Grand Chinese Cuisine
Grand Chinese Cuisine is a Cantonese restaurant located in the DoubleTree Toronto Airport Hotel . That's up by the Toronto Congress Centre , so yes -- it's a little out of the way, but on weekends it's a quick drive with relatively little traffic. Compared to the headache that is driving downtown, it might even be easier to get to.
The drive is worth it, I think, since the service is good, the restaurant itself is pretty nice, and the food...well it's awesome.
The first thing you notice when you walk in is that you're seated quickly (no excruciating wait times where you stand waiting to hear your number, salivating madly as dim sum orders pass you by.). Everything is also clean (dim sum restaurants often are a bit grimy from years of bits and pieces of dim sum being trampled into their carpets.), and the dining room is pretty well spaced (so you can actually chat comfortably with your table without having to shout over background noise.)
Dim sum is a Cantonese tradition based on socializing and tea, so one of the first things to note about the Grand Chinese is that unlike most other Chinese restaurants in the GTA, they don't just refill your teapot, they continually bring you a new one so that your tea is always fresh. For my mom, who is Cantonese, this is a big deal...and I can't say I don't see the attraction.
Shortly after our orders are taken, the dishes arrive. First comes the crispy deep-fried squid (L), a dish which I'm usually not a big fan of. I bite in, being a good sport, and realize what I'm eating isn't the chewy, greasy mess that I've had elsewhere, but rather it's nice and crispy on the outside and warm and tender on the inside, the squid almost melting in my mouth. Naturally, I devour a good number more before the next dishes arrive.
We then order a few dim sum staples -- sticky rice in lotus leaves (M), black pepper veal ribs (S), and char siu bau (M). They're done well here, and though they aren't necessarily show stoppers, they're delicious nonetheless. The veal in particular is a dish that often comes out as a greasy and/or gunky mess, but here it's just sinfully indulgent. Beef rice rolls (L) is probably one of the most common dim sum dishes, and Grand Chinese adds their own spin to it by preparing it with water chestnuts. The added flavour and crunch is a definite improvement on the traditional dish.
There are, however, a few dishes that come that are completely new to me and manage to blow me away. The "steamed rice roll with crispy bean curd stuffed with seafood and pork" (L) is a combination of one of the best deep-fried spring rolls I've ever had with a mildly sweet steamed rice roll adding to the textural experience. They are brilliant.
Another unique dish is the "deep fried sesame balls stuffed with barbecued duckling, taro and pine seed" (M). The mixture of the salty duck, the sweet sesame, the crispy dough and the nutty pine seeds are enough to leave my eyes wide and me wondering where this dish been hiding all these years. If I've had it before, it's been so far inferior that I don't even register it as the same dish.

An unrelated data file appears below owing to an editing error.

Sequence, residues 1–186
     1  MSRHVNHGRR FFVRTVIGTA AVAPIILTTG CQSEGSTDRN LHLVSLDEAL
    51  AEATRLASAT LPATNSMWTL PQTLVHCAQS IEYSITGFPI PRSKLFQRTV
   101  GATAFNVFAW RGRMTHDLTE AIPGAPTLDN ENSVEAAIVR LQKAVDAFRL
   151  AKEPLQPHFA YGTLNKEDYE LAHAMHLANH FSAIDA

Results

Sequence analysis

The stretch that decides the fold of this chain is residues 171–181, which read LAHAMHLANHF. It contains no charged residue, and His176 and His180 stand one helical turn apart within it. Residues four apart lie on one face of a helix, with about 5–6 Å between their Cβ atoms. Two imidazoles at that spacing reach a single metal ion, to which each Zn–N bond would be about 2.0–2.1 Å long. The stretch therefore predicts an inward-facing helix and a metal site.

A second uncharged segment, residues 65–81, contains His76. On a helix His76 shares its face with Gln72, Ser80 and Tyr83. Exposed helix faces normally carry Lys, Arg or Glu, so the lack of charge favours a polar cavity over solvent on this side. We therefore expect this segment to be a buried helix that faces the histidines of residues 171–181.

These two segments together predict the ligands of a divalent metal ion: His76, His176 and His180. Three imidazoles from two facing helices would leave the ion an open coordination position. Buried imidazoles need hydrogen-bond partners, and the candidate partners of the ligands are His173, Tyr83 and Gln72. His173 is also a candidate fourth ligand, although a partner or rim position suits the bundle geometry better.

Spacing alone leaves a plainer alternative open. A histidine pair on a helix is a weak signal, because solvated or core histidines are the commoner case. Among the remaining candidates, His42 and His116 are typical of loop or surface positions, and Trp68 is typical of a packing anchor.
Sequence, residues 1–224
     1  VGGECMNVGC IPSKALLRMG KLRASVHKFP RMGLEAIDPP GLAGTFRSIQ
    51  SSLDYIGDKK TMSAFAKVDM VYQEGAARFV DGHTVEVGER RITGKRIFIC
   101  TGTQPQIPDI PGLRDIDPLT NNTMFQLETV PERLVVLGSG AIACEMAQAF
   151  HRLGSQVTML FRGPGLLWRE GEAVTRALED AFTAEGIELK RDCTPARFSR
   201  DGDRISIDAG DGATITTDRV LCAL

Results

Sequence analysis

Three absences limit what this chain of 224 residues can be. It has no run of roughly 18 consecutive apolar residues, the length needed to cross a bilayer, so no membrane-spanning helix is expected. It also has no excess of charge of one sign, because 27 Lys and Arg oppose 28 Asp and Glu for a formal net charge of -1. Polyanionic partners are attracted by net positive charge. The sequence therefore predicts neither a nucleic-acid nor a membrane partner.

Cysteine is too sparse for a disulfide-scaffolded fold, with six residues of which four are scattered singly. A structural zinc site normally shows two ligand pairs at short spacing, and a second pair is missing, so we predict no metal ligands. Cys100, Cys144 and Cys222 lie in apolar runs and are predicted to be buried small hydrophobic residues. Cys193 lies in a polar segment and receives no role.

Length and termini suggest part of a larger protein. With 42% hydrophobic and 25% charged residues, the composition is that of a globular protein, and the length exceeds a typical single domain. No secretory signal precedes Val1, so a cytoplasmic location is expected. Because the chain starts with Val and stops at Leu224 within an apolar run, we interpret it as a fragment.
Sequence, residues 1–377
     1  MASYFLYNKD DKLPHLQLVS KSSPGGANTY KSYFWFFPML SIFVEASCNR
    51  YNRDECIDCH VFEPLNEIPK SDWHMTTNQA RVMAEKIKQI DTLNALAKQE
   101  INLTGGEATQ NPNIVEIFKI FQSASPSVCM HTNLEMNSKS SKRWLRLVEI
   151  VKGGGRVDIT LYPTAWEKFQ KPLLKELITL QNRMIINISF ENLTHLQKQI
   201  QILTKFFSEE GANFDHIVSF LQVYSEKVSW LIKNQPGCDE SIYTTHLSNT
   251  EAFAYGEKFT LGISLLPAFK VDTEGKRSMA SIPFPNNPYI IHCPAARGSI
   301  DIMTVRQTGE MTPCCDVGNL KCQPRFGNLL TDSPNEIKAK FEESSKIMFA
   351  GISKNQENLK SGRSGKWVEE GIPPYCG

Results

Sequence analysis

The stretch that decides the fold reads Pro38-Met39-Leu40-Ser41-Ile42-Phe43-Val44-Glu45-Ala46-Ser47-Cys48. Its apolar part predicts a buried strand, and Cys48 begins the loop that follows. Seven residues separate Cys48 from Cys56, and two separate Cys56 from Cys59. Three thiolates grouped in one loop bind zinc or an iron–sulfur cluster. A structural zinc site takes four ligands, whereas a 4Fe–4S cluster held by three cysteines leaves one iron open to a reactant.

Along with our dim sum, we ordered some menu items. The stir-fried pea sprouts ($14.95) is a dish I order every time I go for dim sum and while the Grand Chinese does it well, it's not out of this world either. That said, it is a really simple dish that probably doesn't vary too much from one place to the next. The Cantonese fried noodles ($12.95), or chow mien as some know it, are laden with an assortment of all sorts of meats and seafood.
While I think the toppings are delicious (especially the scallops), I find the noodles have too much sauce for me -- but I know some prefer it that way, disliking dry spots. The fried rice ($12.95) is kind of dry and not very flavourful, but I'm not partial to the dish in general. The shrimp, I have to admit, are tender and delicious -- worth stealing off of my brother's plate when he isn't looking.
I do have to mention the washrooms. In the past, both of my parents have complained about not being able to get hot water when washing their hands. Personally I didn't have this problem, although I did accidentally walk in on someone going to the washroom. (I didn't mean to, and I apologized profusely to the closed door before running into another stall to hide!) Whether this was the person's fault for not locking the door or the establishment's for not providing a working lock, I don't know -- I was a little too embarassed to check.
Another side note is that the Grand Chinese -- like most dim sum places -- doesn't stagger your order. This means if you order five items that all take the same time to cook, you're getting them all at once, which can result in a really awkward table arrangement and an overwhelming feeling. (Especially if you're trying to juggle eating with taking photos of each dish before everyone else digs in!)
In the end we left with our bellies ready to explode (my mom must have been hungry when ordering) and a reasonable bill -- our meal for five cost roughly $90 (food, tea, and tax). The menu is in Cantonese with English translations that are sufficiently descriptive, and the waitstaff are fluent in English. I left rather pleased with the experience and would definitely say to anyone interested: if you have the means to get there, you should go.
Small (S) dishes cost $3.30, Medium (M) are $4.80 and Large (L) are $5.50